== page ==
Draft FB 2015: direct recovery of debt

LITRG, the ATT and the CIOT have responded to the draft Finance Bill clauses on enforced deduction from accounts, otherwise known as direct recovery of debt (DRD). LITRG’s response concentrated on safeguards for the vulnerable debtor within the primary legislation, which the group still feels are inadequate. The ATT’s responded with a review of the detailed provisions and emphasised the importance of the DRD process enabling debtors to become and remain compliant. The CIOT’s response will be reported on separately in a future edition.

Both LITRG and the ATT welcomed the openness of the consultative process. Key points from the responses are summarised below.


The group is particularly encouraged by the appeal to the county court against HMRC’s refusal of a debtor’s objection, and by the clear intention expressed in meetings to exclude vulnerable debtors from DRD by insisting on a face-to-face encounter – or an alternative process in the exceptional cases where face-to-face may be inappropriate – at which the ‘vulnerable’ can be identified and referred to a specialist unit.

Nevertheless, it is essential that a framework for the intended safeguards for ‘vulnerable’ debtors should be set out in primary or secondary legislation, and not left to the explanatory notes. Otherwise the best of policy intentions will have no legal force or effect, and that would be a major concern. How to interpret the ‘Condition C’ – that HMRC must be ‘satisfied that the person is aware that the sum is due and payable by the person to the Commissioners’ – is germane to the whole process of identifying the vulnerable debtor.

LITRG strongly recommends to HMRC that the question of vulnerability should be the subject of a full consultation involving the voluntary sector. This would include framing a definition of ‘vulnerable debtor’; considering how best to identify such persons and how to train HMRC personnel to do so; and exploring ways of explaining to debtors what they owe and discussing options to resolve it. The outcome of the consultation should be set out in a code of practice that should be given statutory backing.

Describing vulnerability and deciding how to determine whether to exclude persons from DRD on those grounds will be hugely challenging, and HMRC through their Vulnerable Customer Unit will doubtless seek the assistance of specialist and other charities in framing a description. That will take time, but it is crucial that no DRD activity takes place until the description is ready, fully understood and agreed, the code of practice published, the field officers fully trained in the legislation and the descriptors of vulnerability and how to react when on the phone to or face-to-face with a vulnerable defaulter. It may be necessary for parts of the legislation to be brought in by statutory instrument when everything is in place.

We recommend HMRC carry out a full equality impact assessment before these draft clauses are submitted to parliamentary scrutiny.

LITRG further recommends that the draft legislation should contain a provision for board/commissioner authorisation for each exercise of DRD powers. An additional and useful safeguard would be a requirement for HMRC to report publicly each year on the number of applications made for use of DRD and the number of applications granted.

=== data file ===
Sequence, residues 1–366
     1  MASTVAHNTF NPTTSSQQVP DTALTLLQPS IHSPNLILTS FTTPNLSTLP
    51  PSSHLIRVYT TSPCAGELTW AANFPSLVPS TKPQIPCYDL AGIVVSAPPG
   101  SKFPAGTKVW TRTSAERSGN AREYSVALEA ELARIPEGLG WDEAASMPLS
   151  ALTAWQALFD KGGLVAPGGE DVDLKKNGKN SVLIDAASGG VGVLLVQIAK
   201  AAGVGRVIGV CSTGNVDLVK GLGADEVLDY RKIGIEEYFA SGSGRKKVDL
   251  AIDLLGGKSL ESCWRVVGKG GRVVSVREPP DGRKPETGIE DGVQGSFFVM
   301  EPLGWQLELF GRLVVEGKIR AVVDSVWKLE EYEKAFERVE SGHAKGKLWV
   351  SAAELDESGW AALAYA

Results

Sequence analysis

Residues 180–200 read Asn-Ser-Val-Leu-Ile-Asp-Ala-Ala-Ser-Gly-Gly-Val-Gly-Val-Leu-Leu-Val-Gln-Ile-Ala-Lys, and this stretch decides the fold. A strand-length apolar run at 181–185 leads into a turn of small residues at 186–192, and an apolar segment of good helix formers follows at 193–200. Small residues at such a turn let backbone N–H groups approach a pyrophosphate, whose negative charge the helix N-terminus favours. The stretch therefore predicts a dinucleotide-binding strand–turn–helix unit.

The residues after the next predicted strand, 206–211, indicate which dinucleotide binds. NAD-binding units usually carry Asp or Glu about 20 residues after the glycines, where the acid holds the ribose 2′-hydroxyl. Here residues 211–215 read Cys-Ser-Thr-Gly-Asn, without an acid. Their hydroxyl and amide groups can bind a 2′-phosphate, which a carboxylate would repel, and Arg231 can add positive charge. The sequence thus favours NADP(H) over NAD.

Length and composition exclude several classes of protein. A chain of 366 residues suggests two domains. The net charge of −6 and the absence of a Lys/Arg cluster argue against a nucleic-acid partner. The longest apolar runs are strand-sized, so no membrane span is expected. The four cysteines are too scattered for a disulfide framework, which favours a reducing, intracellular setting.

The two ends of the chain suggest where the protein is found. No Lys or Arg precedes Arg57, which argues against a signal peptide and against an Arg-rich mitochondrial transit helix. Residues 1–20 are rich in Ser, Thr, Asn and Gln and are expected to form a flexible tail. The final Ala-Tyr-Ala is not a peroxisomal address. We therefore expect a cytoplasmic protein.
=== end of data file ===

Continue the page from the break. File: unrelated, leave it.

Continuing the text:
Finally, the group makes several observations in its response about the detail of the clauses. Although no regulations had been seen at the time of submission, it said it would be pleased to comment further once they are published. LITRG’s response can be found at www.tinyurl.com/k5av9du


ATT’s response identified a number of recurring themes: the breadth of the Treasury’s capacity to make regulations, the critical importance of defining when a notice is given, the timeframes for compliance with notices, the question of compensation, and the protection for joint account holders and interested third parties.

On joint accounts, ATT stressed the importance of identifying funds that are held on trust and recommended that the statutory presumption that the debtor was beneficially entitled to the ‘appropriate fraction’ of an account should be rebuttable.

The ATT drew attention to the scenario where an elderly or infirm (and potentially vulnerable) individual might include the debtor as a joint holder of their account simply as a matter of domestic convenience.

The association questioned why a joint account holder or an interested third party should only be able to object to a hold notice if it scaused them exceptional hardship, given that they might be an innocent bystander. It also observed that the draft legislation appeared to make interested third parties very dependent on the goodwill of a debtor for information about HMRC’s actions in relation to an account.

The ATT’s main criticism of the draft provisions so far as the debtor was concerned was that neither the objection process nor the appeal to the county court enabled or encouraged the debtor to take the necessary action to bring their tax affairs up to date. The response emphasised the need for a link between the DRD proposals and the existing provisions for displacing a determination made under TMA 1970 s 28 in the absence of a tax return and (a point also made by LITRG) the special relief provisions of TMA 1970 Sch 1AB para 3A.

The draft provisions only permit an appeal to the county court if an objection to a ‘hold notice’ has first been made to and rejected by HMRC. The ATT expressed concern that making an appeal dependent on the prior objection in this way might be confusing to debtors, joint account holders and interested third parties. It recommended that the appeals process should start with the objection so that it is clear from the start what action is needed.

ATT’s response can be found www.tinyurl.com/k98y9sb